Tetris is my game. It’s my wind-down, end-of-day, got-a-minute-on-the-subway game. And, since I use a Galaxy Nexus as my daily driver device, I’m often happily playing it on Android.
Last week I took a few days off and went off the grid — somewhere with no 3G or WiFi. It was, dare I say it, freeing. For the most part I had a great time: sunshine, ocean, daquiris. But I also discovered an aspect of the Android platform has needs to be rectified, and quickly. Due to some early-onset software pirating, many software developers such as EA, who publish Tetris for Android, require server-side license authentication when entering a game. Once approved, whereby the software detects a unique purchasing key from the Marketplace via the Android Licensing API, it allows you to play your game.
The problem arises when you do not have access to a network, either through 3G or WiFi, and the app cannot verify with Google that you in fact did pay for the app. While publishers have the flexibility to vary the period of time that passes between verifications, it would require one to open and authenticate every app/game that incorporates licensing before leaving on vacation, and even then some may not work without internet access. As a result of this oversight, nearly half the games that I had played only days before my trip would not open once I was beyond a cell signal. The worst culprit, and one of my favourite games, Spirit HD, even allows you a brief teasing moment of gameplay before it spits you back to the homescreen in a fit of licensing betrayal.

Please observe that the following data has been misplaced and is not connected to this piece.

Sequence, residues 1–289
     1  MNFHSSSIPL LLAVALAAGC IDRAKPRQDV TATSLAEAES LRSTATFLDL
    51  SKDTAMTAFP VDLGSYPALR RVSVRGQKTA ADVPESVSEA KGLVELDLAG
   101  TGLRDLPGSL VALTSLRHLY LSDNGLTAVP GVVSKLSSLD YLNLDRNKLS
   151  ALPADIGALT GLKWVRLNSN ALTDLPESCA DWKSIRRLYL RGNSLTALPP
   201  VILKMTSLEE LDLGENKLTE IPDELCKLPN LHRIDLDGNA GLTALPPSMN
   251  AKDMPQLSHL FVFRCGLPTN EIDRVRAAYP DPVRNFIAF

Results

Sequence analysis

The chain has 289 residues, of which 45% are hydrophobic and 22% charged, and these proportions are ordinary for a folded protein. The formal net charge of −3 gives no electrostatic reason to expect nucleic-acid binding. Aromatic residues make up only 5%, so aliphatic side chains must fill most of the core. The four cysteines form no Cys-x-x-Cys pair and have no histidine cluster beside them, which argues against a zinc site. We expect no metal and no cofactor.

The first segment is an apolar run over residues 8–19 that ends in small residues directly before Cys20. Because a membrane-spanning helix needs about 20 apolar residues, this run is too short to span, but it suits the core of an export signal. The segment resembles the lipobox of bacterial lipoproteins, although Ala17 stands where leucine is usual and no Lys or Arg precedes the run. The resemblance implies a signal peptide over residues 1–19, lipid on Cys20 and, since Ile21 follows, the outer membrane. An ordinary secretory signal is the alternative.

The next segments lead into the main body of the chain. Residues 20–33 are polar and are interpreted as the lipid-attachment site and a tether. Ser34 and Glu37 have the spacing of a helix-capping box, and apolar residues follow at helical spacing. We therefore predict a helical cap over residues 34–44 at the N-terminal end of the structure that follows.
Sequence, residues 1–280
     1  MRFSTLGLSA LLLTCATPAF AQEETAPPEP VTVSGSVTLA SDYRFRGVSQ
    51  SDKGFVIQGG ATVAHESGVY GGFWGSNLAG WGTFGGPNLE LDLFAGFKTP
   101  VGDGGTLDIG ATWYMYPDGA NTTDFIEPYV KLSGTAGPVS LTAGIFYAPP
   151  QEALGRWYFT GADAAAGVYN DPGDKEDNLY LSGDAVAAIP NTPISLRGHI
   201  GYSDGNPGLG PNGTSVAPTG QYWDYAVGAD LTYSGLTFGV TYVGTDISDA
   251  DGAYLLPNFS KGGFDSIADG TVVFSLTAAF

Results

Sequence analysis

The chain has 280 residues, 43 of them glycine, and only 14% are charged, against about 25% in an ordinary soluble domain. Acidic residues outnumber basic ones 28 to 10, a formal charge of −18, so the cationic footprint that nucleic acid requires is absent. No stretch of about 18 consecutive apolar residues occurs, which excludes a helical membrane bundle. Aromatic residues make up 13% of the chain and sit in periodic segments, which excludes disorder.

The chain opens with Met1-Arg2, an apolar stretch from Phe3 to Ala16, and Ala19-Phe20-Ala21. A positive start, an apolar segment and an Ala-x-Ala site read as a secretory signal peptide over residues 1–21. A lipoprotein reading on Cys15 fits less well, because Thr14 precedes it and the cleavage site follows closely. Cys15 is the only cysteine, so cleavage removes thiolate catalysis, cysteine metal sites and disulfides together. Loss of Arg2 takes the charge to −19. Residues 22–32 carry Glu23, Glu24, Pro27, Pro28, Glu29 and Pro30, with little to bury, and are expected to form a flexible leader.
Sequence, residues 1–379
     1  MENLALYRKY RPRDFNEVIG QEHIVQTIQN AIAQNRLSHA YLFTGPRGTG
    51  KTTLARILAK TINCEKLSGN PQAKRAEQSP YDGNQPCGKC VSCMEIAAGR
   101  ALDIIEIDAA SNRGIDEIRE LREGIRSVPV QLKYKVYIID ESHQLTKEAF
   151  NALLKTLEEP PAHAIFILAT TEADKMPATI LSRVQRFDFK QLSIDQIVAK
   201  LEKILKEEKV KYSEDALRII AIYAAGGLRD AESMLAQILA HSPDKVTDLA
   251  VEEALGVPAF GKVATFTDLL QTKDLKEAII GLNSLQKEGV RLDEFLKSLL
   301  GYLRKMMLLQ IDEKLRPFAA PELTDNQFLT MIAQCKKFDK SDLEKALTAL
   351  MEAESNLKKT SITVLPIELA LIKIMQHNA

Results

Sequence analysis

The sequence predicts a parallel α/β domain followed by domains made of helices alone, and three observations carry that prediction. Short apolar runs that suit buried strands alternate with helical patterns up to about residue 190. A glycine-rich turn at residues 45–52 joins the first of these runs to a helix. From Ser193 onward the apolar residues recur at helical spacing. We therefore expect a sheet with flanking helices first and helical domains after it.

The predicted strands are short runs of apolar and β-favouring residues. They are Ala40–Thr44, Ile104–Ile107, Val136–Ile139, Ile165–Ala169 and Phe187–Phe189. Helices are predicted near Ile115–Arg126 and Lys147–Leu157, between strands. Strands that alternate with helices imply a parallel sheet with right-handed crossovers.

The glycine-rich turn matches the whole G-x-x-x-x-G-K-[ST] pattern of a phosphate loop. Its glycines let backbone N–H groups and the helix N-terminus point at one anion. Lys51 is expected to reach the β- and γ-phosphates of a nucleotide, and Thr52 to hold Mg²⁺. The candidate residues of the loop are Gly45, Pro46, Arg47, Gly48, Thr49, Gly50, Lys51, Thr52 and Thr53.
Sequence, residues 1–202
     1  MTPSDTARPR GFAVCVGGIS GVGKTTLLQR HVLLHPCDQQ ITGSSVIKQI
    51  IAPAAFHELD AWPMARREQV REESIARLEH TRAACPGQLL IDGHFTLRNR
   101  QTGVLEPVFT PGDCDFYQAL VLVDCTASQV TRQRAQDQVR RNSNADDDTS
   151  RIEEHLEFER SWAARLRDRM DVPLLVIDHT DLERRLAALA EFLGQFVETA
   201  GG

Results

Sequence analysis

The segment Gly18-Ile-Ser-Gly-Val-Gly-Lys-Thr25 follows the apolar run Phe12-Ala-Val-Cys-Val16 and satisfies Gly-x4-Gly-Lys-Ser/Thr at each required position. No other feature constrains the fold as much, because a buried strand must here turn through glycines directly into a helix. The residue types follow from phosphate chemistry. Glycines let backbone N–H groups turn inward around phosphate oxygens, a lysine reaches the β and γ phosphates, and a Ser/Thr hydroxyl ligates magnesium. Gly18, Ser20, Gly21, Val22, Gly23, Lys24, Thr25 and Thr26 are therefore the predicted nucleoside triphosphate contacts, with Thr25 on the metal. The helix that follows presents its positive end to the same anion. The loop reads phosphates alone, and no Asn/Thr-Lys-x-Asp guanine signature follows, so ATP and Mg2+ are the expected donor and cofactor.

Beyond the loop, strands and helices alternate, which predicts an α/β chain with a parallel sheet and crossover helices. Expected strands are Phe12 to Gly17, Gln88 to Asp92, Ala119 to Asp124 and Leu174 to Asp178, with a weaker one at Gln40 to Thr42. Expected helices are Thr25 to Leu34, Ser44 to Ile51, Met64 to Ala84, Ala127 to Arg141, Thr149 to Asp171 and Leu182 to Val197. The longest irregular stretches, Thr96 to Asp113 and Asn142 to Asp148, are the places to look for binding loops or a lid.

Since the release of Android 4.0 and its consolidation of app and SD storage, the time has come for Google to overhaul its licensing requirements for paid apps. There must be a way of locally and securely caching purchasing data from the Android Marketplace that would allow you to play your games, regardless of network status. Indeed, if I want to treat an old Android device like an iPod Touch, I should be able to.
According to the Android Developers page, the paid app licensing procedure is compatible with devices running Android 1.5 or higher. Now that we have moved well past that, and most users are on Gingerbread, we need a more user-friendly solution that doesn’t punish one for not having an internet connection. With talk of Ice Cream Sandwich bridging the gap between iOS in form, function and aesthetics, this would go a long way to ensuring Android users are not put off by a litany of foreseeable, and preventable, frustrations.